Exim4

Exim4 is a Message Transfer Agent (MTA) developed at the University of Cambridge for use on Unix systems connected to the Internet. Exim can be installed in place of sendmail, although its configuration is quite different.

Installation

To install exim4, run the following command:

sudo apt install exim4

Configuration

To configure Exim4, run the following command:

sudo dpkg-reconfigure exim4-config

This displays a user interface “wizard” for configuring the software. For example, in Exim4 the configuration files are split among multiple files; if you wish to have them in one file you can configure accordingly via this user interface.

All the configurable parameters from the user interface are stored in /etc/exim4/update-exim4.conf.conf file, so to re-configure you can either re-run the wizard or manually edit this file using your favorite editor. Once you are finished, you can run the following command to generate the master configuration file:

sudo update-exim4.conf

The master configuration file is stored in /var/lib/exim4/config.autogenerated.

Warning

At any time, you should not manually edit the master configuration file, /var/lib/exim4/config.autogenerated, because it is updated automatically every time you run update-exim4.conf, so your changes will risk being accidentally lost during a future update.

The following command will start the Exim4 daemon:

sudo service exim4 start

SMTP Authentication

Exim4 can be configured to use SMTP-AUTH with TLS and SASL.

First, enter the following into a terminal prompt to create a certificate for use with TLS:

sudo /usr/share/doc/exim4-base/examples/exim-gencert

Configure Exim4 for TLS by editing /etc/exim4/conf.d/main/03_exim4-config_tlsoptions and adding the following:

MAIN_TLS_ENABLE = yes

Second, configure Exim4 to use the saslauthd for authentication by editing /etc/exim4/conf.d/auth/30_exim4-config_examples and uncomment the plain_saslauthd_server and login_saslauthd_server sections:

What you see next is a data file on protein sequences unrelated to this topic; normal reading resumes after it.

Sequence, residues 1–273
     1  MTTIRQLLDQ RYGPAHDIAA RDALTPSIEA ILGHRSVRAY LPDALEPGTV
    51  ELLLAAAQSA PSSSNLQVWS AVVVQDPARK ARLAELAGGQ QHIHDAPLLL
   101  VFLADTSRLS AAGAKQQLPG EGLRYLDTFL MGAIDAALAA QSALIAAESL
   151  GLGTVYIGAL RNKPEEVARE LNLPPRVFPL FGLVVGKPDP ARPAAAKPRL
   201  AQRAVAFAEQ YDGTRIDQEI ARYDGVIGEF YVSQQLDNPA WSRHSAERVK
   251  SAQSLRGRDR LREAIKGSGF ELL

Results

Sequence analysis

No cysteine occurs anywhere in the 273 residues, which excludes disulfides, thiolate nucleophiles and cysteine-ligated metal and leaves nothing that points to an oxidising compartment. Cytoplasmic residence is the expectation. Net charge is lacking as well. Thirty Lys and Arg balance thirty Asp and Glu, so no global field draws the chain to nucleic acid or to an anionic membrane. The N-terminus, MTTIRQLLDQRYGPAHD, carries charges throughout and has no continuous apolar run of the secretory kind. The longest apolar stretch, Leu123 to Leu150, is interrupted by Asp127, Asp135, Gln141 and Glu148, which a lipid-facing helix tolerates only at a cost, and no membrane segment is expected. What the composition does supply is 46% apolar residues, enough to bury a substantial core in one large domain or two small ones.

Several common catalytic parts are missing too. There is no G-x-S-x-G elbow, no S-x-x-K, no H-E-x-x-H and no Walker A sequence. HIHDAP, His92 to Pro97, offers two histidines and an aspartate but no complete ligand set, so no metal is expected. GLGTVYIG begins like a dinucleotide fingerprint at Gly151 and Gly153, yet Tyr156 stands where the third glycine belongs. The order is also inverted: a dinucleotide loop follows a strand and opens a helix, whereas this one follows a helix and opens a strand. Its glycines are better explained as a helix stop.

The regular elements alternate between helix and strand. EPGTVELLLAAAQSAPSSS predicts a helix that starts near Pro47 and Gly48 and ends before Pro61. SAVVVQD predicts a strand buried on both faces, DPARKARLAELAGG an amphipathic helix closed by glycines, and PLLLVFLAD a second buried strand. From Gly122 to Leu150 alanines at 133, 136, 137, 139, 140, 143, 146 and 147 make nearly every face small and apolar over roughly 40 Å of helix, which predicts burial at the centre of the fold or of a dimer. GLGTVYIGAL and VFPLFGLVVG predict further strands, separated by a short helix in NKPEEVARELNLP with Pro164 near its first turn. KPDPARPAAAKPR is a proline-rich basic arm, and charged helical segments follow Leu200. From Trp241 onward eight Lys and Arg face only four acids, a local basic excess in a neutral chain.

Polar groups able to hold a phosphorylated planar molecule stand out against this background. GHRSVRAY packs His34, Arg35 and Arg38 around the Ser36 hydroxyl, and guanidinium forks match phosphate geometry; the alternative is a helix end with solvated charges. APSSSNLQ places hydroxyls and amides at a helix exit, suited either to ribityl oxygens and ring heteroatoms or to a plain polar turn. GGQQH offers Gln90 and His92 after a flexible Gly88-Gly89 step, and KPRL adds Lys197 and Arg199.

plain_saslauthd_server:
   driver = plaintext
   public_name = PLAIN
   server_condition = ${if saslauthd{{$auth2}{$auth3}}{1}{0}}
   server_set_id = $auth2
   server_prompts = :
   .ifndef AUTH_SERVER_ALLOW_NOTLS_PASSWORDS
   server_advertise_condition = ${if eq{$tls_cipher}{}{}{*}}
   .endif
#
 login_saslauthd_server:
   driver = plaintext
   public_name = LOGIN
   server_prompts = "Username:: : Password::"
   # don't send system passwords over unencrypted connections
   server_condition = ${if saslauthd{{$auth1}{$auth2}}{1}{0}}
   server_set_id = $auth1
   .ifndef AUTH_SERVER_ALLOW_NOTLS_PASSWORDS
   server_advertise_condition = ${if eq{$tls_cipher}{}{}{*}}
   .endif

Additionally, to enable outside mail clients to connect to the new server, a new user needs to be added into exim by using the following commands.

sudo /usr/share/doc/exim4-base/examples/exim-adduser

Protect the new password files with the following commands:

sudo chown root:Debian-exim /etc/exim4/passwd
sudo chmod 640 /etc/exim4/passwd

Finally, update the Exim4 configuration and restart the service:

sudo update-exim4.conf
sudo systemctl restart exim4.service

Configuring SASL

To configure the saslauthd to provide authentication for Exim4, first install the sasl2-bin package by running this command at a terminal prompt:

sudo apt install sasl2-bin

To configure saslauthd, edit the /etc/default/saslauthd configuration file and set:

START=yes

Next, to make Exim4 use the saslauthd service, the Debian-exim user needs to be part of the sasl group:

sudo adduser Debian-exim sasl

Finally, start the saslauthd service:

sudo service saslauthd start

Exim4 is now configured with SMTP-AUTH using TLS and SASL authentication.

References

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